How might this election affect Europe?

Didier Borowski: On the one hand, this election confirms the breakthrough of populists in Europe and shows in addition that the migrant crisis has not only affected the countries that have high unemployment rates (the average unemployment rate in Bavaria is hardly above 2%, 1% lower than the national average). The political fragmentation is a broad based phenomenon that is clearly not (or not only) related to economic factors. But, this election also confirms the rising “Green power” in the German political landscape. Looking ahead, there is a distinct possibility that at some point, the Greens will be part of a coalition at the federal level. Bear in mind that the Greens support Emmanuel Macron‘s reform agenda for Europe. The rise of the party’s importance in state elections should thus encourage Germany to find a compromise with France on some Eurozone reforms ahead of EU parliamentary elections (May 2019).

Political uncertainty is expected to continue to weigh on the appeal of European assets for the time being

What are the implications for financial markets?

Thomas Kruse: We don’t expect to see significant short-term consequences of the election results due to their local nature. European assets are moving in line with the global risk sentiment which drove last week’s correction (see our recent paper: Late cycle features at play: more pain, but not the end of the game). The long-term implications of the declines experienced by the mainstream parties could be more significant, as this could impact the overall political risk scenario in Europe. What we see now is that the fragile and weakened German coalition unfolds in the current phase of political uncertainty in Europe. If we also consider the Italian budget issues, the Brexit at a standstill, the European elections in spring, we see some limit in the short term regarding the appeal of European assets for international investors as volatility may remain high. Further price dislocation on European assets, which could emerge in the coming months, could be seen as a new opportunity to re-enter the market with more appealing valuation levels. This thinking is based on the overall economic picture remaining sound despite decelerations and barring any further escalation in the Italian situation (regarding which we believe a compromise solution will be found). In the current phase, based on a multi-asset perspective, we slightly prefer US equity on a regional basis and we see some relative value opportunities at the sector level in Europe (for example, in basic materials).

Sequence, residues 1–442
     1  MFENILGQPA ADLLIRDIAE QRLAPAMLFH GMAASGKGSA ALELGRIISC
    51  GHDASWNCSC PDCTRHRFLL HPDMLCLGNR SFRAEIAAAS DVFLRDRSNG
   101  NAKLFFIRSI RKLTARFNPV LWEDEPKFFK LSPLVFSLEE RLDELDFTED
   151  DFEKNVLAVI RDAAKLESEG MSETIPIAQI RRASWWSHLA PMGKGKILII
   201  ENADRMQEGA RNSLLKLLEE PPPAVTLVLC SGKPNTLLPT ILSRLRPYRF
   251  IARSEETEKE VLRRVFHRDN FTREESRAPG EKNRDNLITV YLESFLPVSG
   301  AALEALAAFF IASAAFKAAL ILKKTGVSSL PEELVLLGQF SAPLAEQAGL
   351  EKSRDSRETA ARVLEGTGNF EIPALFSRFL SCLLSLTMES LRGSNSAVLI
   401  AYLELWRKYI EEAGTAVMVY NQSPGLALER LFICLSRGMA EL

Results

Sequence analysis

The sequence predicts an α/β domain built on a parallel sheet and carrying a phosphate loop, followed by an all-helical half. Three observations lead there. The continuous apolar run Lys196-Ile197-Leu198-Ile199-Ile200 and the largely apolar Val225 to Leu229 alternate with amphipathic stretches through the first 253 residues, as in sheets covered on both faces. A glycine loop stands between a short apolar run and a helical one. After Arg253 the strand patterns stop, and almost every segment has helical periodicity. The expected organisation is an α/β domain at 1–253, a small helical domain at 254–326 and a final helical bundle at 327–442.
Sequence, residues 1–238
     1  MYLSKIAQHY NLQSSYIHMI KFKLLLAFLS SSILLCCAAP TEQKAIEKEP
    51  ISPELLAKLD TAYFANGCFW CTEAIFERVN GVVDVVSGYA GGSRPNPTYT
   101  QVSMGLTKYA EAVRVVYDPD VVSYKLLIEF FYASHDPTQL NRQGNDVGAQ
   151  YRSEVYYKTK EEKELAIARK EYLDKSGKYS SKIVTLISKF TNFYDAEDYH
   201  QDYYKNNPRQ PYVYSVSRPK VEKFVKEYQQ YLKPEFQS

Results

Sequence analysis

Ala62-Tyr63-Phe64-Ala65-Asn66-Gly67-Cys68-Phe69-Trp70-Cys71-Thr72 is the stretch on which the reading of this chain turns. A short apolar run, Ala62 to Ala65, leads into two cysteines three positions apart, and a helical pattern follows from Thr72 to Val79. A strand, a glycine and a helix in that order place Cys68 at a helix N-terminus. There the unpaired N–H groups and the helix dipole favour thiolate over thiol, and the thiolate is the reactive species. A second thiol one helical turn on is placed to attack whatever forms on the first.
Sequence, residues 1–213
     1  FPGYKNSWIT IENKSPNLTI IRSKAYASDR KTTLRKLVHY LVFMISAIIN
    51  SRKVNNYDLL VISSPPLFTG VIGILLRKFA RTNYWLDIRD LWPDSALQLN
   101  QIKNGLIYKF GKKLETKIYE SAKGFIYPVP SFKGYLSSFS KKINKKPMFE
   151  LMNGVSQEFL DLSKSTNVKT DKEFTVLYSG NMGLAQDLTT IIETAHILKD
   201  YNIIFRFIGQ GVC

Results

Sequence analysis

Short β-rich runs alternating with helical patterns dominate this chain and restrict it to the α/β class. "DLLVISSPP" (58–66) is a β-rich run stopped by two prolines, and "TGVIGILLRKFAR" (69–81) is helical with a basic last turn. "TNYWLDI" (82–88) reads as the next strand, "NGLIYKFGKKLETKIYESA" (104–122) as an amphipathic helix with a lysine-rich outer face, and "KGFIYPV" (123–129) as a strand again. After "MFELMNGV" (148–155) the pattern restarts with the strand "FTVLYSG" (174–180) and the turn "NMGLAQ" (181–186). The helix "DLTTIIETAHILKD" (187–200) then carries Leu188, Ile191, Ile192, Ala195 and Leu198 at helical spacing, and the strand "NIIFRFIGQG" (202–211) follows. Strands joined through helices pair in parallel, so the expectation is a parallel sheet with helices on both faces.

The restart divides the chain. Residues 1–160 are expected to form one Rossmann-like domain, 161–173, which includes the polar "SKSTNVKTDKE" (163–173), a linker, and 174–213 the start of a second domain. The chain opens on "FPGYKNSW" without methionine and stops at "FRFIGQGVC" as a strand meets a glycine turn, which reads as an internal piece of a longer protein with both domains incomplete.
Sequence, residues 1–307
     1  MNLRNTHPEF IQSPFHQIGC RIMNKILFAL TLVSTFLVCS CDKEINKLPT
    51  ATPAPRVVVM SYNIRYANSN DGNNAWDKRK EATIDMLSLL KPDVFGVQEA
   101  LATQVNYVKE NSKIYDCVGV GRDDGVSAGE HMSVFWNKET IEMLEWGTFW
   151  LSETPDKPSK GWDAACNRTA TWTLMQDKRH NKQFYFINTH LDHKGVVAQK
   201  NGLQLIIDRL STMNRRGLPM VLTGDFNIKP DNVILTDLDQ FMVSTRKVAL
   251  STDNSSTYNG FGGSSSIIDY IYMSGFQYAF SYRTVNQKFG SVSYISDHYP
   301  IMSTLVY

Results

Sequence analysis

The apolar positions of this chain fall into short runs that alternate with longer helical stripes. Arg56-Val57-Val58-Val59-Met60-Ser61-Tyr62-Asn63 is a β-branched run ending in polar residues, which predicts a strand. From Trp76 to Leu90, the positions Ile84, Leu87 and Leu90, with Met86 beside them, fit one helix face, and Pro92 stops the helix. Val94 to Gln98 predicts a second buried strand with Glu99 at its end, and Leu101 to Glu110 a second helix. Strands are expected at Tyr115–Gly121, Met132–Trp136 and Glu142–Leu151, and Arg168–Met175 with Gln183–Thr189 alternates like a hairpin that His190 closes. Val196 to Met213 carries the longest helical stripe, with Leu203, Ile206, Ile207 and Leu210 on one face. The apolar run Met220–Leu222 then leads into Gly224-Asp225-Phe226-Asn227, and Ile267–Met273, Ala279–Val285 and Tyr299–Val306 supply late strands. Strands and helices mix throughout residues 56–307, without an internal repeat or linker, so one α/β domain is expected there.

With the contribution of:

Tristan Perrier

Giuseppina Marinotti,
Investment Insights Unit


APPENDIX: Results Recap

The CSU (Bavarian branch of conservatives, sister party of the CDU) has lost its absolute majority in seats only for the second time since 1962. With 37.2% of votes (vs. 47.7% at the previous election in 2013), this is much more than a political setback. It represents its worst result since 1954. The CSU won 85 seats (103 seats needed for a majority).‎

The SPD (Social Democratic Party, left) also suffered a very significant defeat, with its votes falling to 9.7% (from 20.6% in 2013), thus, only winning 22 seats.

The centre-left Greens were the big winners in this election, having more than doubled their votes to 17.5% (vs 8.6% in 2013) and winning 38 seats.

The AfD (Alternative for Deutschland, far right) was also a winner, with around 10.2% of votes (22 seats). This party, created in April 2013, did not participate in the 2013 election.‎ However, we would note that the AfD’s percentage remained well below the levels seen in eastern Germany (often more than 20%).

Finally, the Free voters (regionalists, lean right) obtain 11.6% of votes (vs. 9.0% in 2013) and 27 seats.‎ The FDP (liberal, centre right) obtain 5.1% of votes (vs. 3.3% in 2013) and will thus enter in parliament with 11 seats.

BOROWSKI Didier , Head of Macroeconomic Research
KRUSE Thomas , CIO Germany, Co-Head of Income & Risk Overlay
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Bavarian elections: European political landscape continues to evolve